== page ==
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Articles in February 2022

February 2nd, 2022
A 1794 coin believed to be the first silver dollar ever struck by the U.S. Mint recently fetched a record-breaking $12 million in a private transaction between Las Vegas collector Bruce Morelan and Irvine, CA-based GreatCollections Coin Auctions.


Dubbed the “Flowing Hair Silver Dollar,” the coin is a national numismatic treasure because it symbolized the young USA’s financial independence. The coin features a portrait of Lady Liberty on one side and an eagle on the other. This particular specimen stands above the rest because of its sharpness of detail.

"Researchers believe this coin was specially struck, perhaps as a presentation of the country’s first dollar coin," said Ian Russell, president of GreatCollections. "Because of its significance, it was likely seen by President George Washington, Treasury Secretary Alexander Hamilton, and then-Secretary of State Thomas Jefferson, who oversaw the young United States Mint."

Russell added that his newest acquisition is, without question, America’s most coveted silver dollar. Only about 140 still survive, and this 1794 silver dollar is the only known specimen-striking.

He characterized the coin as substantially better than the examples in the Smithsonian Institution’s National Numismatic Collection and the American Numismatic Association museum.


"It gave me chills closing the transaction for this piece of history,” he said.

In 2013, Morelan purchased the 1794 silver dollar for $10 million, a record at the time, and exhibited it across the country and in Europe.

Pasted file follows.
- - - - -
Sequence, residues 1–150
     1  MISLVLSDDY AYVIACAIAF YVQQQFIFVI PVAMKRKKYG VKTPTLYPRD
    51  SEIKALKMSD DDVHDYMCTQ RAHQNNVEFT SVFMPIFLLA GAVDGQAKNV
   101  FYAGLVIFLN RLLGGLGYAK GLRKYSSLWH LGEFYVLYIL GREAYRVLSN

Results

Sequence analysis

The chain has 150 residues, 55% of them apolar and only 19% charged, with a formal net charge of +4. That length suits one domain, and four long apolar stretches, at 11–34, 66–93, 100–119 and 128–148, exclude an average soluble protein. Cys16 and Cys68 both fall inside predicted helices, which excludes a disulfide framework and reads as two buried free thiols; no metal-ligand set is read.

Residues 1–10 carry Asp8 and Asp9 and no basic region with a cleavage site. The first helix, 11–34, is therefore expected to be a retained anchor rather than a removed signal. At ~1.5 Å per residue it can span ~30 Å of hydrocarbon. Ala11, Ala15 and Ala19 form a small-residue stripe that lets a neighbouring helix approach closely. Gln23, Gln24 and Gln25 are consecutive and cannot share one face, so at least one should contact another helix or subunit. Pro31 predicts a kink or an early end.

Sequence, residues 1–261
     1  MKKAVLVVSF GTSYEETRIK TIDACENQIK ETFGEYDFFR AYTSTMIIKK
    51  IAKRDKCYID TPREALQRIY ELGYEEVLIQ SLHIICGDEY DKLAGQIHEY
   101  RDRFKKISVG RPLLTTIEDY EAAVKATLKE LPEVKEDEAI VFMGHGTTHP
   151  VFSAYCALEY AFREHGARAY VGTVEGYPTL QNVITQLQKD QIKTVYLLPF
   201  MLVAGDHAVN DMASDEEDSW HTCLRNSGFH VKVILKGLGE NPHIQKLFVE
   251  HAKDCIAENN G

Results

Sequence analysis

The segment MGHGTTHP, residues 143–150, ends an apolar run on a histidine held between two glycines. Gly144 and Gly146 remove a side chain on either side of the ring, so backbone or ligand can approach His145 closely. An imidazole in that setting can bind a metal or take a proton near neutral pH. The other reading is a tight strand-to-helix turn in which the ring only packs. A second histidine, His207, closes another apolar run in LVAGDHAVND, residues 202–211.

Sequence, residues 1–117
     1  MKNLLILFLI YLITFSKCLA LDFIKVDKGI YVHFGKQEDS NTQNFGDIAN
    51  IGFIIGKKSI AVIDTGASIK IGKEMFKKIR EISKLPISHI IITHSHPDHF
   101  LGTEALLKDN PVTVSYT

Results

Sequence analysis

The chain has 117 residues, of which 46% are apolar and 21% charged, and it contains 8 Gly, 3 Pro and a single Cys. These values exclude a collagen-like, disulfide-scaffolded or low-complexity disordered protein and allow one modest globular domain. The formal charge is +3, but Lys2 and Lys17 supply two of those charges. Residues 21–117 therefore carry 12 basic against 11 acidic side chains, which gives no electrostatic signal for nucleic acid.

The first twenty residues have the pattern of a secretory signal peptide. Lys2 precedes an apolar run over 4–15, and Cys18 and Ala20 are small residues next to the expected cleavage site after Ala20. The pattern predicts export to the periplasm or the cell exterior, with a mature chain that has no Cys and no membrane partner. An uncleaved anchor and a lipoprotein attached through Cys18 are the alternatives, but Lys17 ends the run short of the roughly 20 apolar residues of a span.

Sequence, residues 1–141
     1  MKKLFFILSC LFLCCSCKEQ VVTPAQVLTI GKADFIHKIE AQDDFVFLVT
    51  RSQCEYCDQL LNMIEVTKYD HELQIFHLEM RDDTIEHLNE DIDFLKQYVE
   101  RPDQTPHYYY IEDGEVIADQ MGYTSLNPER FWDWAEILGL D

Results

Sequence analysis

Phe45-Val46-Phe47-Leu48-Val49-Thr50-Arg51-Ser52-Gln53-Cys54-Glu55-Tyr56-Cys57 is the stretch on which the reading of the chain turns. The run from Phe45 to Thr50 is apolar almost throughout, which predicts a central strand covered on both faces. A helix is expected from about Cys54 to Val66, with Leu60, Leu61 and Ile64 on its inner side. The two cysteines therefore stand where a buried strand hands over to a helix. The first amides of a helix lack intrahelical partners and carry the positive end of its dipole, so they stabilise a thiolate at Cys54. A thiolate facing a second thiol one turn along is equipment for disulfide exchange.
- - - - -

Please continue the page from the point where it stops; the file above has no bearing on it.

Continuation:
One of the coin’s previous owners was Amon G. Carter Sr. (1879-1955) of Texas, a former publisher of the Fort Worth Star-Telegram newspaper.

“Coins are in my blood, and the 1794 dollar was a lifelong dream,” Morelan stated. “I’m truly blessed to have owned it, and hope the new owner has as much joy, pride, and satisfaction as I did.”

Morelan had intended to sell his famous silver dollar at auction in October of 2020, but the coin was withdrawn when it did not meet its reserve.

The $12 million price paid for the 1794 silver dollar ranks second on the list of the highest price ever paid for any rare coin.


In June of 2021, a Depression-Era $20 gold coin that wasn’t meant to see the light of day became the world’s most valuable coin when it was scooped up by an anonymous bidder at Sotheby’s New York for a cool $18.9 million.

Although 445,500 Double Eagle gold coins were struck by the Philadelphia Mint in 1933, none of them were intended for circulation. In the midst of The Great Depression and faced with a banking crisis that spooked consumers into hoarding gold, the federal government outlawed the possession of gold coins.

Russell is very familiar with the $18.9 million coin. In August of 2021, he exhibited the gold piece at the 2021 Chicago World’s Fair of Money on behalf of its anonymous new owner.